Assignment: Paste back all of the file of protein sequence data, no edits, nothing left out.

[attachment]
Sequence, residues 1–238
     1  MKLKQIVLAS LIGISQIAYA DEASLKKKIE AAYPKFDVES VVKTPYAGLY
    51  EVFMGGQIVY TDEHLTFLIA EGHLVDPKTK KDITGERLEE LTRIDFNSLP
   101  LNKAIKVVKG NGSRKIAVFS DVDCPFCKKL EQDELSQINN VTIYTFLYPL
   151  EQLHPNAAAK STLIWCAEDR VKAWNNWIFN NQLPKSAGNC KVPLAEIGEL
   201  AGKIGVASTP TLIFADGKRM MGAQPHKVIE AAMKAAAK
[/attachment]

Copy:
Sequence, residues 1–238
     1  MKLKQIVLAS LIGISQIAYA DEASLKKKIE AAYPKFDVES VVKTPYAGLY
    51  EVFMGGQIVY TDEHLTFLIA EGHLVDPKTK KDITGERLEE LTRIDFNSLP
   101  LNKAIKVVKG NGSRKIAVFS DVDCPFCKKL EQDELSQINN VTIYTFLYPL
   151  EQLHPNAAAK STLIWCAEDR VKAWNNWIFN NQLPKSAGNC KVPLAEIGEL
   201  AGKIGVASTP TLIFADGKRM MGAQPHKVIE AAMKAAAK